Human papillomavirus expression in oral mucosa, premalignant conditions, and squamous cell carcinoma: A retrospective review of the literature


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Abstract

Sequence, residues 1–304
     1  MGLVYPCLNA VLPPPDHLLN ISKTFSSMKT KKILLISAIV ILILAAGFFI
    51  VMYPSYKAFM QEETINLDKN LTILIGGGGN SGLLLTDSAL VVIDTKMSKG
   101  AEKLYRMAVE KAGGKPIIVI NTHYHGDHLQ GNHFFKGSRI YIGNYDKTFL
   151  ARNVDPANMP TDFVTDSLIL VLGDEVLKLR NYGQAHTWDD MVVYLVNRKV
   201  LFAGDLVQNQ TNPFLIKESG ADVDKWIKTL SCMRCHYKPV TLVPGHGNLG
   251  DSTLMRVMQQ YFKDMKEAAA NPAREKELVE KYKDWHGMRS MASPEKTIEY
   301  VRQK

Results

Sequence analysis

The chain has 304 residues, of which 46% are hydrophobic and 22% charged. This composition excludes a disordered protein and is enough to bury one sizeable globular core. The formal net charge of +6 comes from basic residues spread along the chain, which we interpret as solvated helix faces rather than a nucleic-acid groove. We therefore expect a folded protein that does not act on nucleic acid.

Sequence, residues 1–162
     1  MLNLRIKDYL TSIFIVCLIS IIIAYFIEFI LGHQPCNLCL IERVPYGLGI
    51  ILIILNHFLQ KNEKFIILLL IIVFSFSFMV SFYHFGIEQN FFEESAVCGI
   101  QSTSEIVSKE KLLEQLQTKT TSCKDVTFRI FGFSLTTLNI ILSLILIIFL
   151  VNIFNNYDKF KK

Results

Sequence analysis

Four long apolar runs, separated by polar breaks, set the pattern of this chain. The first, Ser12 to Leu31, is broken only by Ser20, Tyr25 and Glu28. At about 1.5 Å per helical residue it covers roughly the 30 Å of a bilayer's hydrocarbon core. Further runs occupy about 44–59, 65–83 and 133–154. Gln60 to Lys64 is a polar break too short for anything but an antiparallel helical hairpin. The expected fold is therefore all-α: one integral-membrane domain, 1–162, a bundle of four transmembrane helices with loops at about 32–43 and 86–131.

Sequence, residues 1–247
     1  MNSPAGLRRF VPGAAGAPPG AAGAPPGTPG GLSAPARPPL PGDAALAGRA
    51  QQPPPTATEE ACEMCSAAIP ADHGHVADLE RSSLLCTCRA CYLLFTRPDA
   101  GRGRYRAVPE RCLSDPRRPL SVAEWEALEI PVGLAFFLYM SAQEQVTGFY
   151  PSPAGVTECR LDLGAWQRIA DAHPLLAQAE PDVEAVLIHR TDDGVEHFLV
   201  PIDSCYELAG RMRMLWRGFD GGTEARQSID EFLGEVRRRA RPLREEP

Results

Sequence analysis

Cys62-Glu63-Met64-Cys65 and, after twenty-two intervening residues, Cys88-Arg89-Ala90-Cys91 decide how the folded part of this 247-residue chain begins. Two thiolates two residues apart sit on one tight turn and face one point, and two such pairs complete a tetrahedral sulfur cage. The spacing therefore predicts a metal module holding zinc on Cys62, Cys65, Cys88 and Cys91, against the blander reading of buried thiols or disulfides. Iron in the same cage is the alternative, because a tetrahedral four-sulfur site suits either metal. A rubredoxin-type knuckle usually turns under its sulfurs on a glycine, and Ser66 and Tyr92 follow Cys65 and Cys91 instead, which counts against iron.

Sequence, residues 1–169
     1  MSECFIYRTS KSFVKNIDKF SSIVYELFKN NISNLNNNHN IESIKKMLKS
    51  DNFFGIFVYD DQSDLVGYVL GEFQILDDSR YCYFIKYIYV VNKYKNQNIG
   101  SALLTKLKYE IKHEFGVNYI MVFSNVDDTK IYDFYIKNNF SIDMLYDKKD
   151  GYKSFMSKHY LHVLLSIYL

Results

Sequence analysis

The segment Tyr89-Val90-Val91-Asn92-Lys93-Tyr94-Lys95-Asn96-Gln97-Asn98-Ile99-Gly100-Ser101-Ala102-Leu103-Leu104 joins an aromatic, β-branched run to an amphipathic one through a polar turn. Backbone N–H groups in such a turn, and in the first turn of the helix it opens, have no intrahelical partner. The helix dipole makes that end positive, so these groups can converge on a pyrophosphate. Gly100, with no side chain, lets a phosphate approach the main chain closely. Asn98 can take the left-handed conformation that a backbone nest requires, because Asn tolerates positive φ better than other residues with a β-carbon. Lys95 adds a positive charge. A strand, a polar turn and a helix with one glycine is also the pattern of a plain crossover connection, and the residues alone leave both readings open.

Objectives.The literature of human papillomavirus detection in normal oral mucosa and oral lesions associated with the dysplastic progression of epithelium was reviewed to help define the role of this virus in the development of oral squamous cell carcinoma.Study design.All available data from published studies were analyzed by chi-square test for association between the human papillomavirus and age, gender, race, DNA type, location, lesional dysplastic progression, method of detection, tissue preservation, and use of tobacco and alcohol.Results.Human papillomavirus was identified with increasing frequency in normal oral mucosa (13.5%), benign leukoplakia (14.8%), intraepithelial neoplasia (18.5%), squamous carcinoma (26.2%), and verrucous carcinoma (27%). It was detected in oral squamous cell carcinoma significantly (p < 0.005) more often (37.1%; 122 of 329) in studies that used a high sensitivity assay (polymerase chain reaction) than studies that used moderate sensitivity assays (25.2%; 84 of 334) (e.g., Southern blot hybridization) and low sensitivity assays (16.9%; 61 of 362) (e.g., immunohistochemistry, in situ hybridization). Human papillomavirus DNA was detected significantly more often (p < 0.001) in frozen oral squamous cell carcinoma (51.6%; 115 of 223) than paraffin-embedded tissue (21.7%; 136 of 628). High-risk human papillomaviruses (2, 16, 18) were detected in 81.4% of OSCCs that contained the virus compared with low-risk human papillomavirus genotypes (6, 11) in 17.9% of oral squamous cell carcinoma that contained the human papillomavirus (p < 0.001). In studies that analyzed the use of chemical cofactors, the use of tobacco and alcohol (87.3%) was associated more often with oral squamous cell carcinoma than the presence of human papillomavirus (51.3%), however, the difference was not significant.Conclusion.High-risk human papillomavirus genotypes have a significant association with oral squamous cell carcinoma. However, the presence of this virus in a high proportion of oral normal mucosa makes the virus alone a poor prognosticator of progression to malignancy.

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